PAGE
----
A fitness campaign organised by Chemigate raised €2,640.60 for charity. Chemigate’s share was distributed to four different municipalities via Hope RA to support the well-being of families.
Hope is a Finnish registered association devoted to helping disadvantaged families and families experiencing a crisis, striving to provide them with a good and equal daily life through donations of goods and clothes. Hope also provides hobby opportunities and recreational experiences for children and young people. I had the chance to get to know Hope’s operations better under the guidance of Tuula Luikku, the team leader of the local Hope department in Seinäjoki.
“The donated funds and goods are always delivered to the recipients. About 200 families are in need of help in the Seinäjoki region, and this need for help is constant,” Tuula says. “The donated funds help meet many everyday needs, and, whenever possible, we also support the togetherness of families by enabling fun shared activities. Donated goods, such as everyday clothes like hoodies, are in high demand. Often, children start wearing their parents’ old hoodies, as parents need some new clothes sometimes, too. T-shirts and other basic clothes are very necessary to the whole family,” Tuula continues.
We are touring a warehouse where each piece of clothing has been hung up tidily, according to its size. I can also spot shelves for linens, shoes and a variety of other necessities of daily life. We stop by a rack that is more than halfway empty.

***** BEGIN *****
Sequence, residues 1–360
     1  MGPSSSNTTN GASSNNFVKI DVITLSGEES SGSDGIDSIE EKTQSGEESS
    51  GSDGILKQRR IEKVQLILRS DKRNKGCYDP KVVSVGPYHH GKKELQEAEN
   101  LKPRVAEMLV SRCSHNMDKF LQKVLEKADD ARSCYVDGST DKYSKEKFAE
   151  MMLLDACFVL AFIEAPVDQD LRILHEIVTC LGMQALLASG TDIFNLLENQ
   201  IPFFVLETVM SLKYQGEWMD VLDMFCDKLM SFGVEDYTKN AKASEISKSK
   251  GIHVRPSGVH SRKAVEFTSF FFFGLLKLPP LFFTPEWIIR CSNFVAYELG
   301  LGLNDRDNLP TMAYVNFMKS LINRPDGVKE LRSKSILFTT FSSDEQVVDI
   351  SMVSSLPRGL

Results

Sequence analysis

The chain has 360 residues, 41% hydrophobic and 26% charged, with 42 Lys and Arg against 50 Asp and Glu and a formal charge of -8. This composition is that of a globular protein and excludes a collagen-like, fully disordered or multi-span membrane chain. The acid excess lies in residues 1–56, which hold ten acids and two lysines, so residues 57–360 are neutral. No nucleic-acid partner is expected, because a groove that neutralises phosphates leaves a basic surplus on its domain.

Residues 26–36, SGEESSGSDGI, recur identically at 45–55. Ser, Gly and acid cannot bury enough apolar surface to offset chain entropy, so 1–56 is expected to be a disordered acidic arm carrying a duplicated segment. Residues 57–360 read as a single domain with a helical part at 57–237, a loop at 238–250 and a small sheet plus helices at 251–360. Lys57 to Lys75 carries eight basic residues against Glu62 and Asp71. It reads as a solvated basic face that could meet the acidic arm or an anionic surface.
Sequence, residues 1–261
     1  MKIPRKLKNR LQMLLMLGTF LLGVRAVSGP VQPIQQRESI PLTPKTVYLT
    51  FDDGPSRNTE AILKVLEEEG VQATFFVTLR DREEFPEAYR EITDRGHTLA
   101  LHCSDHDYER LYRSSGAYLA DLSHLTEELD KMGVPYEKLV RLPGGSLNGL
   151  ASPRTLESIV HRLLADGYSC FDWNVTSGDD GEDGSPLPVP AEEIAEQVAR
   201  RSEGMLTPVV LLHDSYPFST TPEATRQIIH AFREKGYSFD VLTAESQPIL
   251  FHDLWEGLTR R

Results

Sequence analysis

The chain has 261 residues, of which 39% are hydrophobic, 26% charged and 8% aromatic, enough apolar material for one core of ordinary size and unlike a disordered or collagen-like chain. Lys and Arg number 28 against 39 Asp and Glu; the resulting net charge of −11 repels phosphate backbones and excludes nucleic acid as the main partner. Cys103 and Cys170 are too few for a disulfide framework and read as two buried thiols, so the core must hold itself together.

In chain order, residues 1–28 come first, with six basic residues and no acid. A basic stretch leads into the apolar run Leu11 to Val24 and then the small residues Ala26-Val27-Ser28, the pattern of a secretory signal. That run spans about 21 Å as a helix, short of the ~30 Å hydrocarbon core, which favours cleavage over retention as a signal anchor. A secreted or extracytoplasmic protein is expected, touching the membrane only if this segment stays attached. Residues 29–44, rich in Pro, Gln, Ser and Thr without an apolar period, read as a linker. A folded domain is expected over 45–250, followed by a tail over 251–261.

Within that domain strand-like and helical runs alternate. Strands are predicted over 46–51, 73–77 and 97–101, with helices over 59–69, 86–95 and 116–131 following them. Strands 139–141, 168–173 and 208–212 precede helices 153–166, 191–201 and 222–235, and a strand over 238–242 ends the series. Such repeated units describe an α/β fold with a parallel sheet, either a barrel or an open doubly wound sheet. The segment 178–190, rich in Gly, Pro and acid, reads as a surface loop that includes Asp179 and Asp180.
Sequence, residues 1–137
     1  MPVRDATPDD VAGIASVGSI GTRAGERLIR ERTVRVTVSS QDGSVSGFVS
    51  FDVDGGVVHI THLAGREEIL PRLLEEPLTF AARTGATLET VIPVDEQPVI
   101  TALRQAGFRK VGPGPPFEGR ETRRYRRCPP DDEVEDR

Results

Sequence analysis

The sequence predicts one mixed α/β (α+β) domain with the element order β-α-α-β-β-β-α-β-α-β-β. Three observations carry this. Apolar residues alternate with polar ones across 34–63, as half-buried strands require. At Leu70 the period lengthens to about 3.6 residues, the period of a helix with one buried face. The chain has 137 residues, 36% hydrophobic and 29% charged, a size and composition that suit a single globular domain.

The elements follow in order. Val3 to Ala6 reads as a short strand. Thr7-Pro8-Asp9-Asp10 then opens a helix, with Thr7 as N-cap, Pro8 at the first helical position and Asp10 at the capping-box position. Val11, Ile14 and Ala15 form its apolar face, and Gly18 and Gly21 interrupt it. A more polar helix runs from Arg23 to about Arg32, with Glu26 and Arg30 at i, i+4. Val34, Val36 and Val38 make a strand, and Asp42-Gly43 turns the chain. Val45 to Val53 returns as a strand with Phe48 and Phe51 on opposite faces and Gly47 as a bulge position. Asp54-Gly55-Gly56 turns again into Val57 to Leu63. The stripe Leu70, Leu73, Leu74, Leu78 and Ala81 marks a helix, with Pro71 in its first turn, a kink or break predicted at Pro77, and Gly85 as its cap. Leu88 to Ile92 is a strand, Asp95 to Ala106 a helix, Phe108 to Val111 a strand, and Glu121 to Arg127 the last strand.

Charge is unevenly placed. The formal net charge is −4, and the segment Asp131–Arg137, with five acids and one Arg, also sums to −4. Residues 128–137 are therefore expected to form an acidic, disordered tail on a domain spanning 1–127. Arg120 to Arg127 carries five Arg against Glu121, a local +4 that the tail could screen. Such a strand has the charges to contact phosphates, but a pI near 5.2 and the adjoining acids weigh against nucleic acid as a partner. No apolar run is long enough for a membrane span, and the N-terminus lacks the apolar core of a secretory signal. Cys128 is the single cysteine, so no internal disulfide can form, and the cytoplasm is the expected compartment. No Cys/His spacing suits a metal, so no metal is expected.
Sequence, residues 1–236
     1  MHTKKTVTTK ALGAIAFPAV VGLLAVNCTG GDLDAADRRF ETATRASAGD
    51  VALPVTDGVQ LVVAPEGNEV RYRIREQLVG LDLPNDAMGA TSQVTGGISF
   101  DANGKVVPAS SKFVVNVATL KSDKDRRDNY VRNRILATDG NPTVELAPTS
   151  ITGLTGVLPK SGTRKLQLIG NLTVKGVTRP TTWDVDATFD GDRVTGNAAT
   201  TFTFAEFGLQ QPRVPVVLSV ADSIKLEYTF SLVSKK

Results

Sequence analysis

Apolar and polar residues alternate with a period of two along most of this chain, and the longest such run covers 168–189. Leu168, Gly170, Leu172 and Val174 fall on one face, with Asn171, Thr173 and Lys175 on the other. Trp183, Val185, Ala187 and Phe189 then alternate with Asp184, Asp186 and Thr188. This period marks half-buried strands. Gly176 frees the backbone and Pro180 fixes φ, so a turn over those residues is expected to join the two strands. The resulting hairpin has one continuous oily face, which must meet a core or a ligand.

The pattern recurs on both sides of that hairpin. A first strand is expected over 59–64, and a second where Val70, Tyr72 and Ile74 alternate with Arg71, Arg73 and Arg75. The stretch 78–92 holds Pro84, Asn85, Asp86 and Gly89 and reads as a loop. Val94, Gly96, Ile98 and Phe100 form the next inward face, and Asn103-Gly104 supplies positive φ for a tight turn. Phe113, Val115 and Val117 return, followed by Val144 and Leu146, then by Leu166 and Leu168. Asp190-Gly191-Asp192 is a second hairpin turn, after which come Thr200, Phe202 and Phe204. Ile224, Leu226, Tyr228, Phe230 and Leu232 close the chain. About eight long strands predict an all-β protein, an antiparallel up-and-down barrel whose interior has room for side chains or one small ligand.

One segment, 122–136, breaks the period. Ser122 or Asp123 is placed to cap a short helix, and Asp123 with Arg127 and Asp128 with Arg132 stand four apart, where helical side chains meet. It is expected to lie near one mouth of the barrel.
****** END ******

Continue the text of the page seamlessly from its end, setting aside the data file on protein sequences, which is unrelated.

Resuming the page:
“The autumn is on its way, and we don’t have many jackets here. We especially have a need for jackets in sizes 130–150 centimetres. We could also use some shoes. Trainers of all kinds for teens, kids and adults, too, are one thing that is always in demand.”
I asked Tuula who is allowed to turn to them for help.
“The family itself determines its need for help. Some families come to see us just once, while others visit more frequently. The Hope association’s website has instructions for contacting us.”
It is easy to see Tuula’s experience and calmness. She states that she has been doing volunteer work for seven years, now.
“Volunteer work is something you do alongside your life and other work. You encounter different families coming from very different situations. My volunteer path started when I donated some of my unneeded things to Hope. I happened to ask whether they needed a pair of hands here, and that was pretty much it. It is very rewarding to see clients getting the help they need. It makes me feel really happy,” Tuula says with a smile.
At the end of the interview, Tuula gives a tip to all the companies: they can also donate their time to Hope by taking part in the association’s operations, such as various campaigns. You can learn more about this and many other ways to help by visiting Hope’s website: www.hopeyhdistys.fi